Friday, January 23, 2009

Everything I Play on Piano Sounds the Same

Many students want to create music that has a certain emotional quality. For example, I once had a student ask me to show her how to play something that sounded happy.

Of course, this student missed the entire point of my teaching - to play where you are emotionally and to not try and come up with something. I tried to explain to her that if she were feeling happy, then the natural outcome of the music would be flavored with this emotion.

As a natural outgrowth of the proceeding statement, there will be times, many times perhaps, when the music that comes out of you sounds the same. Many interpret this as being uncreative, when in fact, you are being true to yourself. When you don't try and come up with material, but instead, let the music come up, you are not forcing or willing the creative act.

Instead, you are allowing yourself to express in the moment - whatever the sound may be.

If someone tells you that everything you play sounds the same, acknowledge it silently as a compliment and know that you are being true to yourself and the integrity of the artistic process! When you are more concerned with enjoying the act of creating then trying to come up with material, you'll be way ahead of the game!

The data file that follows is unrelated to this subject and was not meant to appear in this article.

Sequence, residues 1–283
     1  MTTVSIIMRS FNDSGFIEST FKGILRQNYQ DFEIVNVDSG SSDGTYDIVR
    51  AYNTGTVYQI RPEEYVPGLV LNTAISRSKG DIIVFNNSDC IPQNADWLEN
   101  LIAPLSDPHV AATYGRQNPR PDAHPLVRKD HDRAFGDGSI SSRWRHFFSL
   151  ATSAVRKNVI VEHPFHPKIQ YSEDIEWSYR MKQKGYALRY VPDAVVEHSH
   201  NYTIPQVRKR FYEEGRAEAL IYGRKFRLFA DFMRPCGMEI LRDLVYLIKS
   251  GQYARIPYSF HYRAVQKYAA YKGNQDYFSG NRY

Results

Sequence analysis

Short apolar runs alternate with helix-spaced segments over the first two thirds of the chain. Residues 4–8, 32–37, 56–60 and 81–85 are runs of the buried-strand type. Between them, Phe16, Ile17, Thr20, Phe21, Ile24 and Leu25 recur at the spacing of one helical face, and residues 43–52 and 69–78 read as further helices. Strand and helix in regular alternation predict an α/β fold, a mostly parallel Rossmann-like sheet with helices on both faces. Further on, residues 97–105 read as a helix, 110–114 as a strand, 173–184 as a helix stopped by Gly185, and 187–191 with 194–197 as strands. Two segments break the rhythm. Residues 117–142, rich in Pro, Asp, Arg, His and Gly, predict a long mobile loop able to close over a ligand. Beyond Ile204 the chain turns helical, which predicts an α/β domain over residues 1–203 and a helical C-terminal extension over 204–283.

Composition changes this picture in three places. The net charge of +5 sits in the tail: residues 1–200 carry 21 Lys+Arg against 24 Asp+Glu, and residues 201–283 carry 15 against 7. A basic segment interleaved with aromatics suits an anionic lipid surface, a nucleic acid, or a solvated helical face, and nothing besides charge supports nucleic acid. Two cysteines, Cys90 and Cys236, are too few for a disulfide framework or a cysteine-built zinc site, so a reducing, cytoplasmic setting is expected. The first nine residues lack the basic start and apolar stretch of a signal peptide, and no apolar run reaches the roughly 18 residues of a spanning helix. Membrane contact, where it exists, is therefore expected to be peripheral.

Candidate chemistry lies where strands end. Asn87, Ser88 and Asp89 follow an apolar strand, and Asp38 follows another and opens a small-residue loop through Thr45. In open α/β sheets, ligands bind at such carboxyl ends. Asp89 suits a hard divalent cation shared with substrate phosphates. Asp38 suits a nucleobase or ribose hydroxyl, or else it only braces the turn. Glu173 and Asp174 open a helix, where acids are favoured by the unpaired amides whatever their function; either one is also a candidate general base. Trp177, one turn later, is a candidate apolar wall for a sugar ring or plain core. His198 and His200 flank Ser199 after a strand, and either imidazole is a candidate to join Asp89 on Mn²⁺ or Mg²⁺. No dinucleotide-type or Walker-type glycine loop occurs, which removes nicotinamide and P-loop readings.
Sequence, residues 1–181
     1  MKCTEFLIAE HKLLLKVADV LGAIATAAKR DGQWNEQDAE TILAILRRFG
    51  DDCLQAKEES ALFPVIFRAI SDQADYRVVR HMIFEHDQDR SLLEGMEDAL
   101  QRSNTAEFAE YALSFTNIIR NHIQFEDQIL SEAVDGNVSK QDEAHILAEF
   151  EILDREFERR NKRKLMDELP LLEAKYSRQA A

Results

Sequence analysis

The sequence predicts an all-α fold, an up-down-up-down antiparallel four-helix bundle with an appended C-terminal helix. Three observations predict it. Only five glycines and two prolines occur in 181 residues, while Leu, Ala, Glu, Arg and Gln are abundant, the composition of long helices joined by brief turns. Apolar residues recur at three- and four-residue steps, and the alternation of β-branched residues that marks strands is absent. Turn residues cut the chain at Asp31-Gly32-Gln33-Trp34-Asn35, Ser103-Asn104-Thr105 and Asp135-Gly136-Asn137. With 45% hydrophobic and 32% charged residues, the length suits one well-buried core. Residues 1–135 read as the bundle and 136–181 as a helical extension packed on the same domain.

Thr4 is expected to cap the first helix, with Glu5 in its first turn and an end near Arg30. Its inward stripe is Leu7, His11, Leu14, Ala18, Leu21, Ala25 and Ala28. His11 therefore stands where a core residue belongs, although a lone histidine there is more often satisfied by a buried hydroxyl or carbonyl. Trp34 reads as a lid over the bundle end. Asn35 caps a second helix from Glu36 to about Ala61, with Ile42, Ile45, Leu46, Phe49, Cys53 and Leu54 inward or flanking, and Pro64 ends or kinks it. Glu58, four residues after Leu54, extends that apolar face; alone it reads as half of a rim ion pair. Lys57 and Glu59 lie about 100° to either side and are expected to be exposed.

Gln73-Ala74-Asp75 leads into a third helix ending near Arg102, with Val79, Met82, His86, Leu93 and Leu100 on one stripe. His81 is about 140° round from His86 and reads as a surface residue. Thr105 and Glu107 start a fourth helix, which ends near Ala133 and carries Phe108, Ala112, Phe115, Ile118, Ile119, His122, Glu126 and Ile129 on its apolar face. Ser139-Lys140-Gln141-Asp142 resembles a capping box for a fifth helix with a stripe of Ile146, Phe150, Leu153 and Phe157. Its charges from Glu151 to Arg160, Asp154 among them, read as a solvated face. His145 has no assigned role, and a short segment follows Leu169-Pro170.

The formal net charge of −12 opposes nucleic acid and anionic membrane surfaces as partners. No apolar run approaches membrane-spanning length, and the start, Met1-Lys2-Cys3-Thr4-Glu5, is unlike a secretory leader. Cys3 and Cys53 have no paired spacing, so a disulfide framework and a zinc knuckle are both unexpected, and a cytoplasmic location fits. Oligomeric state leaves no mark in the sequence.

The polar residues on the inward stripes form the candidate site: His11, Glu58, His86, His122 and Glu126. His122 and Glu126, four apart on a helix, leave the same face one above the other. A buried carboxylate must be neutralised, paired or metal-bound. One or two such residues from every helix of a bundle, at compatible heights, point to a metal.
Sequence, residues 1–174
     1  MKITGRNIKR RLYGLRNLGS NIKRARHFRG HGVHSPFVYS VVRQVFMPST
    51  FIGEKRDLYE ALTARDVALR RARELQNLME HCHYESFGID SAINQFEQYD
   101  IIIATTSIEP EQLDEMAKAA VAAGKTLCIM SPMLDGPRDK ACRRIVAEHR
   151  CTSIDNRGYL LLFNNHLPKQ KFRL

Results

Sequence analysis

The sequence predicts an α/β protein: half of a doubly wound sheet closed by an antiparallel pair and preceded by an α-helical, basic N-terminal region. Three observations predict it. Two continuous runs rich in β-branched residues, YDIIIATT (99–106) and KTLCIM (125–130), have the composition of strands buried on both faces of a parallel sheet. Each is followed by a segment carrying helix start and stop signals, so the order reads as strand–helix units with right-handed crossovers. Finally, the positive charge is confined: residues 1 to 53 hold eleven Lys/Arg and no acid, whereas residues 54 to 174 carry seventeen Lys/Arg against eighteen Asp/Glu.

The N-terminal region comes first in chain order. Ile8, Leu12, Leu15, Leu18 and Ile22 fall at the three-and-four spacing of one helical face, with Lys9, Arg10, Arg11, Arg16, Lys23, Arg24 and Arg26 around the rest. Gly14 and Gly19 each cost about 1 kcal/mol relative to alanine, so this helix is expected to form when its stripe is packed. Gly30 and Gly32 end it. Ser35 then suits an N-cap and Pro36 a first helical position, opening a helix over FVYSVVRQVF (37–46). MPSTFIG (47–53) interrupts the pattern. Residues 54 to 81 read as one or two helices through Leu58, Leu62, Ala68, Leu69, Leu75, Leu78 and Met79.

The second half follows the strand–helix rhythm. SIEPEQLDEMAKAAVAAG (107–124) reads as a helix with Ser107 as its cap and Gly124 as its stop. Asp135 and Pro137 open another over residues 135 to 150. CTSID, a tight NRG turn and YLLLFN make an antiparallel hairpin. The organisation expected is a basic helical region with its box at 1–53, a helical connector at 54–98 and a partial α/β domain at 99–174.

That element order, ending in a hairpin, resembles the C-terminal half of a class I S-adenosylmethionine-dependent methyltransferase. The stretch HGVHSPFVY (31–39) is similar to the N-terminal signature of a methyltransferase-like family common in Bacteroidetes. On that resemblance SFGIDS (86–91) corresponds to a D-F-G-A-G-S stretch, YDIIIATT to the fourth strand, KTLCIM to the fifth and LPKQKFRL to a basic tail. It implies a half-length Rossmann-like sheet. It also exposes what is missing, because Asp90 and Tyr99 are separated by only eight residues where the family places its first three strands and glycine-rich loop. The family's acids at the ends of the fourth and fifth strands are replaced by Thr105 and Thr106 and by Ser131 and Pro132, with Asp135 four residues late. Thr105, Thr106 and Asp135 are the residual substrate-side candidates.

Edward Weiss is a pianist/composer and webmaster of Quiescence Music's online piano lessons. He has been helping students learn how to play piano in the New Age style for over 14 years and works with students in private, in groups, and now over the internet. Visit now and get a FREE piano lesson!


  1. I really appreciate your point here, as I write lyrics, and when I try to create a certain 'mood', it never works out. The lyrics generally turn into how I feel at the moment.

  2. One way to avoid sounding the same when you play the piano, is to do a lot of listening to different piano styles. I find that whenever I listen to something new, a new piece, a new style, if it excites me, I want to emulate it. Not necessarily copy the piece note for note (although that is a good exercise in itself) but to get a feel for the style. What the bass line is doing, how the melody goes and what chords fit in between. Although I mainly play jazz, I'm sure this would work for any style of music!